Trampolene also works with organisations to redesign the recruitment process and job role. With GVT, it advised the company to use work assessment instead of conventional interviews.

To match trainees with employers, Trampolene conducts tests for specific skills employers are looking for, from motor skills to data entry and quality control.

It then selects trainees able to perform the tasks, said Ms Cheok.

She said Trampolene also considers work planning, hygiene and safety awareness, and sensory challenges.

If a trainee is affected by high-frequency noises even with earplugs on, for example, he might be more suited to an office job than engineering.

Trampolene is aiming to train 70 young adults over 30 months from May 2022.

To date, it has trained 42 graduates with autism and placed 18 of them in jobs, with 13 having stayed with their employers for three months or more.

Aside from Temasek Foundation, some of the other upfront funders are Ishk Tolaram Foundation, Quantedge Foundation and Asia Philanthropic Ventures.

Outcome funders include ECCA Family Foundation and the Diana Koh Foundation through the Community Foundation of Singapore.

Mr Nicholas Tay, who has autism and holds a diploma in pharmaceutical science from Temasek Polytechnic, was hired under the programme as a production worker in ice-cream manufacturing company The Ice Cream & Cookie Co.

He sets up workstations for production, prepares packaging and places products on a conveyor system for printing or metal detection testing.Mr Damian Yip, head of production at the company, said he considered Mr Tay’s basic communication skills, education level and challenges faced at previous workplaces to decide if he was suitable for the role.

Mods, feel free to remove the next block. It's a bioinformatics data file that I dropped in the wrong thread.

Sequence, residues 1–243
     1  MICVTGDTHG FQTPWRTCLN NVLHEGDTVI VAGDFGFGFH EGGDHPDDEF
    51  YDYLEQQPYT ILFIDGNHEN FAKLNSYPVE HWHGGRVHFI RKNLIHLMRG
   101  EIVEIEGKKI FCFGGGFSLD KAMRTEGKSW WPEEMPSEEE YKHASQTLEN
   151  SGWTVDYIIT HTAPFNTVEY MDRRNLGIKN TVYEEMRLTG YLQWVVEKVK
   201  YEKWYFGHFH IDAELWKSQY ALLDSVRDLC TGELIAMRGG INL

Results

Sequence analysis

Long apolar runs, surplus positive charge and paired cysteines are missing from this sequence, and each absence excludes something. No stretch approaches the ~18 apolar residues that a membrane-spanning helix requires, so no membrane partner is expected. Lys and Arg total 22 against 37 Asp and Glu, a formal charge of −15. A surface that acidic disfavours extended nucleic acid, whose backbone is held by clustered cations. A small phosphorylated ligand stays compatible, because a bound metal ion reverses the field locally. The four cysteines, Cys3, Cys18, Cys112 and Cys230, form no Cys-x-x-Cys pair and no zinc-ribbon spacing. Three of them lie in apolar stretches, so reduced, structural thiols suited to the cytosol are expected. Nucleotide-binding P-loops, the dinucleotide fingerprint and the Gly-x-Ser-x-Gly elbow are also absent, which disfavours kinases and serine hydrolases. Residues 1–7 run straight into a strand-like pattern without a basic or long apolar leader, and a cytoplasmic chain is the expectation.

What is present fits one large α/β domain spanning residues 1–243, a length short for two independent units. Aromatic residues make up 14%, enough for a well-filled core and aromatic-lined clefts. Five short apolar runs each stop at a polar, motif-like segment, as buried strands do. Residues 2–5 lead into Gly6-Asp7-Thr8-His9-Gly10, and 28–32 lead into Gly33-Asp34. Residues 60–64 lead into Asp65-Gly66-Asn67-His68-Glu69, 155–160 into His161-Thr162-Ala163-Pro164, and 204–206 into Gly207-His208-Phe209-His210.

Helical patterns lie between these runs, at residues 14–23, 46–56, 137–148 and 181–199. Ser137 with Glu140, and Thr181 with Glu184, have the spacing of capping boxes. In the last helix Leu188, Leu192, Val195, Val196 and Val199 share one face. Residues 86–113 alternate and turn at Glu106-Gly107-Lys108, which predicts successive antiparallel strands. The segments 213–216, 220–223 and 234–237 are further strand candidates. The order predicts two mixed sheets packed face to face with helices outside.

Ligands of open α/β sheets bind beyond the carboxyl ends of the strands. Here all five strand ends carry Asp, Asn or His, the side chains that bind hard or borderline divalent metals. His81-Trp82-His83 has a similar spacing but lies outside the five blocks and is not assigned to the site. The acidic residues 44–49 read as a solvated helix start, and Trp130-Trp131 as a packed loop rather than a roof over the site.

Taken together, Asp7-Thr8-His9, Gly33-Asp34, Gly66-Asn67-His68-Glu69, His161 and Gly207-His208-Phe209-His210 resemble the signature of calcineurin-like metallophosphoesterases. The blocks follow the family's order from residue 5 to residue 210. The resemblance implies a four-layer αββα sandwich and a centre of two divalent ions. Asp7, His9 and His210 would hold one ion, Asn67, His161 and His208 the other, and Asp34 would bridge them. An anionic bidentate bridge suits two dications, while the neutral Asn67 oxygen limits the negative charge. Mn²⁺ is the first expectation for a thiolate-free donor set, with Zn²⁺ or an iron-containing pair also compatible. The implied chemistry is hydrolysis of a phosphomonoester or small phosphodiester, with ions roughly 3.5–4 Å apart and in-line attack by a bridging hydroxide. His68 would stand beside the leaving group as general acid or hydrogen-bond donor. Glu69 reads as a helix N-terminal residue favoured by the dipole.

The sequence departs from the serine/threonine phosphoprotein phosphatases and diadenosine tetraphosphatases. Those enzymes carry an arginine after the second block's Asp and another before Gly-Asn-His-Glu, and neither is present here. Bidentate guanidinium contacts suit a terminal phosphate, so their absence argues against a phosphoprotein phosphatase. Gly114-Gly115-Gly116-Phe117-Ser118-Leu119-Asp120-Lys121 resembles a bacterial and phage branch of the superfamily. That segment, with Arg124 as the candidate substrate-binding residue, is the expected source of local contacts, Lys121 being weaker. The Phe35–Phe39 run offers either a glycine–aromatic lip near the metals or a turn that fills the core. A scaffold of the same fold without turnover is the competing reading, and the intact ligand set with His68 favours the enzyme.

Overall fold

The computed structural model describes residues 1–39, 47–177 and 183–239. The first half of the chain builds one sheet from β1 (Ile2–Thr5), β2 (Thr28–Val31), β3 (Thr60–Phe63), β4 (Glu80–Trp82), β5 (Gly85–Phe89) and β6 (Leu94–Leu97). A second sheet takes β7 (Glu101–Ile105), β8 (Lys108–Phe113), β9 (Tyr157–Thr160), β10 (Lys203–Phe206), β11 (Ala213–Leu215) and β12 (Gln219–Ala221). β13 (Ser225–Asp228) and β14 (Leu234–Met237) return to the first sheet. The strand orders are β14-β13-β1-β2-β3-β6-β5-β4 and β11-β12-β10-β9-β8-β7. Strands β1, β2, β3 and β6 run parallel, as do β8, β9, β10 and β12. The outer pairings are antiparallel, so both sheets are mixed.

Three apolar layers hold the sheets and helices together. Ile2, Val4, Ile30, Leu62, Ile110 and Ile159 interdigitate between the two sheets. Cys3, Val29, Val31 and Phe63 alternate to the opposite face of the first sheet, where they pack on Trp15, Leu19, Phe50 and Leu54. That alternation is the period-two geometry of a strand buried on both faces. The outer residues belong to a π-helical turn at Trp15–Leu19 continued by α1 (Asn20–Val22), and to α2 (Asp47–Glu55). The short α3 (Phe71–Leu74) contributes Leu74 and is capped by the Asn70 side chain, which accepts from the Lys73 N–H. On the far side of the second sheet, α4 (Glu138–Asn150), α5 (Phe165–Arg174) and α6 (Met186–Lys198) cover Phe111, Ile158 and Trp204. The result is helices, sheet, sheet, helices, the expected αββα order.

Ms Lim said Mr Tay’s main issues are perspective-taking and negative thinking. For example, when the 26-year-old began doing this job, he often felt lousy about himself when he saw others working faster than him.

“A regular person would think, ‘Oh, the person is faster than me because he has been here for a longer time than me, so he is more experienced,’” said Ms Lim.

“However, Nicholas’ thinking was: ‘Oh, that person is faster than me. I have to be as fast, if not I am not good enough to work here.’”

She said Mr Tay’s co-workers often look out for him when he shows signs that he is tired or when work is too difficult for him. They then get him to switch duties, to take the load off him.

But Mr Tay initially thought they moved him because he was not doing a good job.

Ms Lim mapped out Mr Tay’s thoughts and shared with him other possibilities – for instance, that co-workers may move him to other duties because they care about him.

“It helps to widen Nicholas’ perspectives and also lets him try to think in different ways,” she said.

To learn more about the causes CFS supports, please click here.

Source: The Straits Times © SPH Media Limited. Permission required for reproduction

I have always been interested in supporting elder care. But there are many charities doing such work that I do not know of. Through CFS, I learnt about Yong-en Care Centre and having seen first-hand what they are doing, I feel that my money is being well-utilised.

For Yong-en Care Centre, meeting donors face-to-face was a valuable opportunity to deepen their understanding of its unique care model and to engage with them on any questions they may have, says Griselda. In addition, it is also an opportunity to thank CFS donors who have been supporting the charity and build a lasting relationship with them.